FOR the last four years, Matt Clough has lived and breathed Nat Lofthouse.

His new book “Lofty” promises to give a generation of Wanderers supporters a fresh insight into a player widely regarded as the finest ever to pull on a Bolton shirt.

Charting his rise from the Castle Hill school team to Burnden Park via the mines, Clough hopes to add an extra dimension to material which had previously been published on the great man.

“Nat was an ordinary man on the street who went on to do extraordinary things,” he told The Bolton News. “Being as polite as possible about the biographies which were printed in his lifetime, they did not extend much beyond the bare facts.

“I could imagine it being quite a frustrating experience writing with him because he scoffed at the idea of being a celebrity. There would have been stuff he didn’t want to mention.

“Fans of my age never got to see him play, never got to see him when he was a central figure at the club, so I wanted to show that he was something more than the bulldozing centre-forward who scored that second goal against Manchester United, or the someone who had such an undying devotion to Bolton Wanderers.

“My fiancée jokes that I can eat a meal or discuss a shopping list without bringing it back to the 1954 World Cup or something that is Lofthouse-related, but having spent four years now on the project I can honestly say I enjoyed it and I almost feel as if I know him.”

Wanderers fans will know the key points in Lofthouse’s career, the disappointment at Wembley in 1953 followed by the joys of 1958, how he earned the nickname ‘Lion of Vienna’ playing for his country in Austria.

There has been less analysis, however, of Lofthouse’s later career at Bolton, from his difficulties as a manager, the heartbreak of his departure as chief scout and the vital role he played in saving the club from ruin in the 1980s.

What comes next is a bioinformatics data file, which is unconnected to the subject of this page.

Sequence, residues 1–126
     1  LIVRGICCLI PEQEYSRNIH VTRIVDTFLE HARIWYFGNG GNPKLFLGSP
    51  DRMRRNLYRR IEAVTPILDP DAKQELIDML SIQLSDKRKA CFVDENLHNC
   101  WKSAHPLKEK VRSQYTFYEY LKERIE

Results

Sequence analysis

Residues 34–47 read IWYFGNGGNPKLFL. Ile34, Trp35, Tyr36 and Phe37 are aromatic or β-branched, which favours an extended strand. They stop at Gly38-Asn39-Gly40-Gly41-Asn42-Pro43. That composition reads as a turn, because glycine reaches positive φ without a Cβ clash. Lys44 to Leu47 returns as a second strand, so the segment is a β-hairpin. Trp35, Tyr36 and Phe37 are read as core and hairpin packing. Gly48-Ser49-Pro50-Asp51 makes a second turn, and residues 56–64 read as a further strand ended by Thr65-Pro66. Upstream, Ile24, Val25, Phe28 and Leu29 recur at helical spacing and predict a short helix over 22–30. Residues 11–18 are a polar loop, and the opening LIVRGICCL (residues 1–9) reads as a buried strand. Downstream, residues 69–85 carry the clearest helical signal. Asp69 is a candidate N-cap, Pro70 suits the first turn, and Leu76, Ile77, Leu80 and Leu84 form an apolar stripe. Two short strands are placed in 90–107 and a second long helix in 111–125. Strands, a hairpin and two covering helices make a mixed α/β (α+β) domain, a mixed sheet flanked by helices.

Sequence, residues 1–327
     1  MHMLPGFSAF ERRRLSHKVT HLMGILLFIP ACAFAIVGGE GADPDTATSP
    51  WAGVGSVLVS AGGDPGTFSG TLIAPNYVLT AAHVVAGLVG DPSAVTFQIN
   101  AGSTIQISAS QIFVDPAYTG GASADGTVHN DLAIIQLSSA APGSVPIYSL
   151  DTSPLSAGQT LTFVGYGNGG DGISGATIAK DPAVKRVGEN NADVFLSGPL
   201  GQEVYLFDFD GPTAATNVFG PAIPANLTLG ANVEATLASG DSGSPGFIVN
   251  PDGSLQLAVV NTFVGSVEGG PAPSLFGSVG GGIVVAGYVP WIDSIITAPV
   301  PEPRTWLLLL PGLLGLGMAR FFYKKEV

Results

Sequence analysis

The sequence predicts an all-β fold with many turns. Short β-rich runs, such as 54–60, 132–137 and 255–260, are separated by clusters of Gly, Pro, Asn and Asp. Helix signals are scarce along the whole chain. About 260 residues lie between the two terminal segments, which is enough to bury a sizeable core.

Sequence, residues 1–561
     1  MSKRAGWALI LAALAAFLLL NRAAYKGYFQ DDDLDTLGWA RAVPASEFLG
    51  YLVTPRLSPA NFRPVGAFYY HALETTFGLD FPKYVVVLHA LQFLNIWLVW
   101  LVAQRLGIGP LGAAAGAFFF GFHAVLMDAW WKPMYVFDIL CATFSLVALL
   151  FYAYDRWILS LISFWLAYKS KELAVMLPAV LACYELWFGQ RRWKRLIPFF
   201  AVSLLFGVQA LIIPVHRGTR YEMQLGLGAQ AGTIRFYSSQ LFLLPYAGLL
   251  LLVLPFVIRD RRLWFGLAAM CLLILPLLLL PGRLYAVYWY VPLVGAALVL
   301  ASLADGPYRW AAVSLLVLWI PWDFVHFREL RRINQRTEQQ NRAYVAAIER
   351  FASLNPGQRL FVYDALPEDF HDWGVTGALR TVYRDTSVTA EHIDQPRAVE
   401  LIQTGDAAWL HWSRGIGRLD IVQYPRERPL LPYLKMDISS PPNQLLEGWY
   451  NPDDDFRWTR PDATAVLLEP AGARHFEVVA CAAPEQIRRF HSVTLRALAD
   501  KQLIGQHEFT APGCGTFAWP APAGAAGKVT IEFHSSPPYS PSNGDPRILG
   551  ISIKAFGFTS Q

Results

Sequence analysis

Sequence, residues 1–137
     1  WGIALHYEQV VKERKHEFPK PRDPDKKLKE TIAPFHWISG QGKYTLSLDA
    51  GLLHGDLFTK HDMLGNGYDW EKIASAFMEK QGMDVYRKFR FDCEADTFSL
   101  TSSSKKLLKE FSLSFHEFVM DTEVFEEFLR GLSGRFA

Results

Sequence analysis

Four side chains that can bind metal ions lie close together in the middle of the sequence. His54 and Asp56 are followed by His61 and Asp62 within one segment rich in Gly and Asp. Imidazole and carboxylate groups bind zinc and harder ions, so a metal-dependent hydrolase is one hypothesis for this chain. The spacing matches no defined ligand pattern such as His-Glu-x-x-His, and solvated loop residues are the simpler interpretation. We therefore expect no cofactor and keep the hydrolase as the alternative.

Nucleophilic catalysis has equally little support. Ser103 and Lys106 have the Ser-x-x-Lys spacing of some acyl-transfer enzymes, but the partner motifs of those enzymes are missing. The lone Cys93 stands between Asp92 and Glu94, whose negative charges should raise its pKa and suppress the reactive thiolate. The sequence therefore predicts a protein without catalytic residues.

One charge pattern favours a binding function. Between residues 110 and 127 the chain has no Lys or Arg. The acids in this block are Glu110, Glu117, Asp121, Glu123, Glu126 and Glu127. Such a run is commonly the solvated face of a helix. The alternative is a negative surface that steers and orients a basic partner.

Plundering the archives of the Bolton Evening News, Clough has managed to construct a detailed and sometimes very frank account of the highs and the lows.

“I wanted to put a little more flesh on the bones,” he said. “It was only by going back and looking at the reports of the time that I was able to correct errors in my original script but also expand on things like transfer requests, which people perhaps do not know about.

“I did my best to explain that transfer requests were not the same as they are in this day and age, where they are more of a definitive statement.

“Back then because contracts were different it was more of a bargaining tool, or a way to voice your discontent.”

The foreword for the book is written by John McGinlay and was assembled on a night on which Wanderers fans gathered around Nat’s statue at the stadium to make a stand against the way their club was being run.

“I actually interviewed John just before the West Brom game, moments before he went over to lead the protests against Ken Anderson,” he said. “Hearing the wonderful stories he told about Nat were bittersweet because we knew we were about to go over and make a point about the dreadful state of Nat’s club.

“At the end of the book I make the point that John is perhaps the only player close to matching Nat in terms of his reputation with the fans and his impact he made.

“It was fantastic to hear from him and I genuinely thank him for his time.”

“Lofty” is available to pre-order in hardback, priced at £20, from Amazon and all good local bookshops. It can also be bought on Kindle and other e-readers.